For centuries Calabria has given refuge to groups of people from different religious beliefs, and its woodlands and mountains have become for many, a permanent home. The region has now three large ethnic-linguistic minorities: the Greeks, the Waldensians and the Albanians.
Linguistic minorities recognized by the Italian State in Calabria are:
• The Albanian language spoken in 33 municipalities in the province of Cosenza, Crotone and Catanzaro
• the Occitan language, spoken in Guardia Piemontese
• The Greek-speaking Calabria (or grecanico), spoken in the triangle grecanico (Amendolea (Amygdalia / Amiddalia), Bova (Vua), Bova Marina (Fundaca, Jalo to Vua), Chorio of Roghudi, Condofuri, Condofuri Marina, Gallicianò, Roccaforte del Greco (Vuni), Roghudi old (Richùdi), uninhabited, new Roghudi .
The Greeks live in the farthest mountainous part of South Italy, the wildest area of Calabria, in the southernmost part of the peninsula, corresponding more or less to the towns of Bova, Condofuri, Roccaforte del Greco and Roghudi. According to Gerhard Rohlfs, professor at the the university of Tubingen, who has studied the dialects of this area for some 50 years, their origin go back to Magna Grecia. Others hold that the Greeks here are of Byzantine origin ( 6th-7th centuries AD).
Essentially herders and farmers in isolated territory, they still speak Greek and have conserved many interesting customs and traditions. After a long period of emargination, these descendent of the Greeks have in the past few years enjoyed a degree of cohesion, while the Calabrian themselves now recognize the importance of protecting this minority.
It is now hoped that the language, their most vital patrimony, which the younger generation is now beginning to forget, will be preserved.
An outstanding craft, still carried on here in these communities, is the wood-carving,reproducing themes from primitive cultures as well as those from Byzantine, and fabrics are woven from the broom plant.
Bova, the chief town, has important monuments and, each year in June, a community arts festival is held there, with singing dancing and drama.
The Waldensians ( or Provençal) settled near present-day Guardia Piemontese a few km north of Paola, in Cosenza province, and well known for its spa of the same name.
The Waldensians live at Guardia on top of a mountain facing the sea, and originally came to Calabria in about the 12th century ( they once had settlements also at Mormanno, Vaccarizzo and Montalto) to escape religious persecution.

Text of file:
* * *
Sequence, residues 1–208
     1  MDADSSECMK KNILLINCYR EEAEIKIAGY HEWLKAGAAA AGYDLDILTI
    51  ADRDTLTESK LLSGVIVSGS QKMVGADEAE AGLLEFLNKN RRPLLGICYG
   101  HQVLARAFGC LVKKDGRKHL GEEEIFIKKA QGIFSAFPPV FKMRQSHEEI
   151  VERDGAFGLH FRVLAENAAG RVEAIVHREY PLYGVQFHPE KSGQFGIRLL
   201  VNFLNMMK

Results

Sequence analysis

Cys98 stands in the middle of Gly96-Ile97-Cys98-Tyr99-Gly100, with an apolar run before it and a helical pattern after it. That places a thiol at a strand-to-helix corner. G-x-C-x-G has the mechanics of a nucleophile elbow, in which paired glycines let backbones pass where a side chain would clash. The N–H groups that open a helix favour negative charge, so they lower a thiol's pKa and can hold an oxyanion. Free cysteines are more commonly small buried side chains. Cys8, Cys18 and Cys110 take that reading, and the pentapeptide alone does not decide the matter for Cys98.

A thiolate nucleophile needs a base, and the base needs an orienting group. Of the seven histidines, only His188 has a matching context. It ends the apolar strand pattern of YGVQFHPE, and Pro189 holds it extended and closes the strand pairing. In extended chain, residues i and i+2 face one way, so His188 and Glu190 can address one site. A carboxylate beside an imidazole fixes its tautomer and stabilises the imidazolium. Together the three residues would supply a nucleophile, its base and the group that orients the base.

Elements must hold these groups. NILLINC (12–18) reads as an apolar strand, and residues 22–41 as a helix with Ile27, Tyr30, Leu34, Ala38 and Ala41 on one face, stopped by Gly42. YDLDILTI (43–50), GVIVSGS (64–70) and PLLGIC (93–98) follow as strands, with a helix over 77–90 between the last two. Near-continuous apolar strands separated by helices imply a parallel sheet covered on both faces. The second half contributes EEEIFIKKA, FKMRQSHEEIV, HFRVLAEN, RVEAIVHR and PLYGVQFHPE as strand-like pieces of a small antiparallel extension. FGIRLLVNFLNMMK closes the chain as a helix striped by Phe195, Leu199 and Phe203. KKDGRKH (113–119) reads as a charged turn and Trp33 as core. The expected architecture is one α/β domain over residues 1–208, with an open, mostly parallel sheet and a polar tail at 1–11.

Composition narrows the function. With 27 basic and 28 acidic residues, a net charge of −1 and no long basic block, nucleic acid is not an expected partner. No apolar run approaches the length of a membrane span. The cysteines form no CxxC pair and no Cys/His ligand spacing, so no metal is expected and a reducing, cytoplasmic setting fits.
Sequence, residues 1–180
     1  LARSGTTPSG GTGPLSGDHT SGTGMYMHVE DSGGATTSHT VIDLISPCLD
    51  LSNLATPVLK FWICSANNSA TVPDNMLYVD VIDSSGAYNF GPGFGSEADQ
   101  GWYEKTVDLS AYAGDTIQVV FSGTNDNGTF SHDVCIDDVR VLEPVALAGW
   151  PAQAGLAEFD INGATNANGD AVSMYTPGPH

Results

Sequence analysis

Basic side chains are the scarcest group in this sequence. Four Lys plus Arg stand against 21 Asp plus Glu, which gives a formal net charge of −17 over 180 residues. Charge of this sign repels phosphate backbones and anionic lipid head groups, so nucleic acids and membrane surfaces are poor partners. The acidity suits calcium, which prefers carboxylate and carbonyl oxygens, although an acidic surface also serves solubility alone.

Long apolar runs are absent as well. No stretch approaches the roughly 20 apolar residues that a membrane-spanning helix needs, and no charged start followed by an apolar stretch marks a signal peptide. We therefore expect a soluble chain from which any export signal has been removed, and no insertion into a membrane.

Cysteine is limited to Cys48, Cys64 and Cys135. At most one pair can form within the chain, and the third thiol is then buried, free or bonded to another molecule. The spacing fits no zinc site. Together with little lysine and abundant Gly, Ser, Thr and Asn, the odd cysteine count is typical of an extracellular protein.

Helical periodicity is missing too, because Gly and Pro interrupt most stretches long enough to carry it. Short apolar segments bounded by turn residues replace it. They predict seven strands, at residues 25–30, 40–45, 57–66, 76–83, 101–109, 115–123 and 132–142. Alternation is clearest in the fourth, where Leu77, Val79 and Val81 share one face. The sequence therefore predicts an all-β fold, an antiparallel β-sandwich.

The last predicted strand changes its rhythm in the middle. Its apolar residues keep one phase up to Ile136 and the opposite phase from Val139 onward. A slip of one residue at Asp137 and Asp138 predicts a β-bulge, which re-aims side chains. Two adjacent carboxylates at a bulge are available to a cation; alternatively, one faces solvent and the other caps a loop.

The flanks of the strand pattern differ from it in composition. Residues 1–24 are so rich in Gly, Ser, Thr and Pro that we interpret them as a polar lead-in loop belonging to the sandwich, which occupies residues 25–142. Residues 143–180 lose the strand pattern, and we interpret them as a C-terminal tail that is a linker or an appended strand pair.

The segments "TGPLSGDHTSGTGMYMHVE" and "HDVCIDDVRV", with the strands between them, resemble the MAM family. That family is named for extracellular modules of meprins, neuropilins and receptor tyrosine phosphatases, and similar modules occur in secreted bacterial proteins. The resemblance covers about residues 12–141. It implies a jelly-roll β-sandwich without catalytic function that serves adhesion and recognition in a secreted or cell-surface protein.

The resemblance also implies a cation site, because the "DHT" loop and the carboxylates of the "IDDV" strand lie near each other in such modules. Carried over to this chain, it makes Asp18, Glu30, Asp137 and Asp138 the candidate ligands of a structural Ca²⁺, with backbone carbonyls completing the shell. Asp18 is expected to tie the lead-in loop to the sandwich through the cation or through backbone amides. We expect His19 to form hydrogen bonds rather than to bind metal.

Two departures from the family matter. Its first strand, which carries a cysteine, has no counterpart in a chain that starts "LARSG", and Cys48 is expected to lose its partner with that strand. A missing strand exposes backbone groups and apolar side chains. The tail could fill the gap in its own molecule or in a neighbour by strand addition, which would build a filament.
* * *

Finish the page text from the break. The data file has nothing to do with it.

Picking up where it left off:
Unhappily, their new home was not far enough away from their native land ( the Pellice and Angrogna valleys, between Piedmont and Liguria ) for safety. The Neapolitan Inquisition caught up with them and almost wiped them out.
The survivors still mantain their old customs and distinctively Piedmontese dialect and accent. At Guardia Piemontese still a mediaeval town, the ' gate of blood ' stands to remind one of the slaughter perpetrated by Cardinal Ruffo's soldiers.
The Albanians are the most numerous of the ethnic minorities in Calabria. They too came here to escape religious persecution after pressure exerted by the Arabs in the Balkans, present-day Albania.
The first wave of Albanians arrived in Calabria in 1448 and then settled in a number of towns in the province of Cosenza, founding others. This area corresponds to the hills which surround the Plain of Sibari on the north, south and west. The Albanians are a closely knit community. They all speak their language fluently and have an autonomous religion with their own bishop (eparch) and seminary, of the Greek Orthodox rite.
The religious ceremonies are very impressive , especially the marriage ceremony, during which the couple is crowned severel times. The most important centres of the Albanian community are Longo and San Demetrio Corona. The Albanians of Calabria have their own literature which reached a very high level in poetry with Giorgio Variboda, born at San Giorgio Albanese in the first half of the 18th century.
The whole tradition, as can be seen in their weaving, costumes and choir singing recalls their national hero Scanderberg, to whom numerous monuments have been erected in the province of Cosenza.
It is worth going to an Albanese 'vallie' when the whole community meets with songs and dances for an entire day, dressed in their wonderful traditional costumes.